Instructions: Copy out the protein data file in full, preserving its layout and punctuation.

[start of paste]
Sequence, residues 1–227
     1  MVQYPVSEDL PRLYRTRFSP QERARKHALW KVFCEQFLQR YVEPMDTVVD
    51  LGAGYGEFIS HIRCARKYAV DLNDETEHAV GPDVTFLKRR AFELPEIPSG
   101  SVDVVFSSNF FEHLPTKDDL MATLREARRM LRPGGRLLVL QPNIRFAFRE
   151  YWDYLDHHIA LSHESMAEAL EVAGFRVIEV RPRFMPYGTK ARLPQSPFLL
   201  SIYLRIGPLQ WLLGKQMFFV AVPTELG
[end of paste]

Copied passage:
Sequence, residues 1–227
     1  MVQYPVSEDL PRLYRTRFSP QERARKHALW KVFCEQFLQR YVEPMDTVVD
    51  LGAGYGEFIS HIRCARKYAV DLNDETEHAV GPDVTFLKRR AFELPEIPSG
   101  SVDVVFSSNF FEHLPTKDDL MATLREARRM LRPGGRLLVL QPNIRFAFRE
   151  YWDYLDHHIA LSHESMAEAL EVAGFRVIEV RPRFMPYGTK ARLPQSPFLL
   201  SIYLRIGPLQ WLLGKQMFFV AVPTELG